Shortly before midnight Tuesday, Democratic Gov. John E. Baldacci declared victory in his bid for a second term as governor.
“I’m feeling good,” Baldacci said during his victory celebration. “The campaign’s over, and now it’s time to get back to work. I’m grateful for the level of family support I’ve had and the great work of my campaign staff. Now it’s time to pull the state together and get ready for the next legislative session and continue to work on property tax relief.”
This year’s gubernatorial election featured the largest number of candidates on the ballot in Maine’s 186-year voting history.
Baldacci’s effort to win re-election attracted challenges from Republican nominee Chandler Woodcock, Green Independent Party hopeful Pat LaMarche, independent bidder Barbara Merrill, and another independent, Phillip Morris NaPier.
The governor outpaced Woodcock, his closest rival, by about 10 percentage points throughout the evening. With 74 percent of 627 precincts reporting, Baldacci had picked up 39 percent of the vote with Woodcock trailing with 29 percent, according to unofficial tabulations by the Bangor Daily News.
Woodcock conceded at 11:38 p.m., and Baldacci claimed victory five minutes later.
Woodcock told supporters he had conceded to Baldacci, but not to the goals of lower taxes, spending reform and a stronger state economy.
“The toughest part of the campaign is not winning,” Woodcock said. “I’m a competitive person, but the governor earned it, and I congratulate him.”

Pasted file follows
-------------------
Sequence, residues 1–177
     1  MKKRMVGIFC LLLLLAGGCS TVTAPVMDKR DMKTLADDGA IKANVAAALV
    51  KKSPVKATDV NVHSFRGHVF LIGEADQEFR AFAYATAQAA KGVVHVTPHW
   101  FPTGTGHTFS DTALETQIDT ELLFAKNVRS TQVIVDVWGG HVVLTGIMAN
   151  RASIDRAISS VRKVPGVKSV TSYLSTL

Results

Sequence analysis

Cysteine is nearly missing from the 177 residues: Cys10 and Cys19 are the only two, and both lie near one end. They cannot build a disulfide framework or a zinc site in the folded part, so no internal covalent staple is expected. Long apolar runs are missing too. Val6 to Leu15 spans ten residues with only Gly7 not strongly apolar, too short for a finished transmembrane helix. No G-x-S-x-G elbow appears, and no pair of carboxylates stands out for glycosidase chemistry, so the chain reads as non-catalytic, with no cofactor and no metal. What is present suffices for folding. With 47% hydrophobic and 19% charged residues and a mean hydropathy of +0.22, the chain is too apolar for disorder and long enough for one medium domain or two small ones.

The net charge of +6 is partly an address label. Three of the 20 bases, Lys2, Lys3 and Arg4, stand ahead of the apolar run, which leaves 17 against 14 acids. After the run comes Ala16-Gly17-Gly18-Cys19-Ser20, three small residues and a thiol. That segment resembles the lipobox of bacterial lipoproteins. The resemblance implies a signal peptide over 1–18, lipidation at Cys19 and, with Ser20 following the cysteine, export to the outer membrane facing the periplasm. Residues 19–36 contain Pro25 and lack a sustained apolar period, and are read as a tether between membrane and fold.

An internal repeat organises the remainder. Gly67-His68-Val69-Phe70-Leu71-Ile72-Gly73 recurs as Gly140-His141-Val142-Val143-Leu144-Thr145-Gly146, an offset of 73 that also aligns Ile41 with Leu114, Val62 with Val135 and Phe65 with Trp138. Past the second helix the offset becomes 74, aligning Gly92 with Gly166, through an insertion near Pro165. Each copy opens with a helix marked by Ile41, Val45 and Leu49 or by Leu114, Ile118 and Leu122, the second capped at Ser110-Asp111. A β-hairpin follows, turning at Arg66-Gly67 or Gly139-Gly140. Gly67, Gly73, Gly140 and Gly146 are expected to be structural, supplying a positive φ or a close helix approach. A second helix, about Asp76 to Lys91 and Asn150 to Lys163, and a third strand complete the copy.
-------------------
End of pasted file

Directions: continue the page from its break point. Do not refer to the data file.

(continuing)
Merrill conceded the race to the governor at 11:18 p.m.
“What can I say? The governor was an awesome campaigner,” Merrill said. “But I think we did pretty darn well, and it was the first time an independent had qualified for public funding.”
The campaign for governor was historic because it was the first year in which multiple candidates ran publicly funded efforts under the Maine Clean Elections Act. Woodcock, LaMarche and Merrill all were expected to close in on the $1.2 million maximum they could receive under state law while Baldacci ran a million-dollar-plus privately funded campaign. NaPier also ran a privately funded campaign that he expected would cost just under $20.
“You could call it low-budget,” he said during a recent debate.
Finally, Baldacci was poised to set a new record for an incumbent Maine governor winning with the smallest percentage of the vote. Baldacci, who was elected in a three-way race in 2002 with 47 percent of the vote, still fared better than Gov. Angus King, who won in his first race with only 35 percent of the vote – the lowest margin of victory in the state’s history. The small numbers this year are attributable in part to the large slate of five candidates and a voter turnout that Secretary of State Matt Dunlap estimated at between 45 and 55 percent – average for turnouts in nonpresidential-year elections.
According to the Guide to U.S. Elections, Maine has had four governors who have won re-election with less than 50 percent of the vote: Democratic Gov. John Hubbard with 44.4 percent in 1852; Republican Gov. Seldon Connor with 44.8 percent of the vote in 1878; Republican Gov. Anson Morrill with 46.6 percent of the vote in 1855; and Democratic Gov. John Dana with 48.4 percent of the vote in 1848.
Tuesday’s voting wrapped up a gubernatorial campaign that got off to a slow start and never actually reached widespread fever pitch, according to some political pundits. Party primaries are an opportunity for fall ballot candidates to connect with voters by defining their personalities and highlighting their political agendas. But even before the general election campaign began, weakness was apparent in the efforts of the two major party candidates, prompting political scientists such as Jim Melcher of the University of Maine at Farmington to remark on the level of “soft support” for both Woodcock and the governor.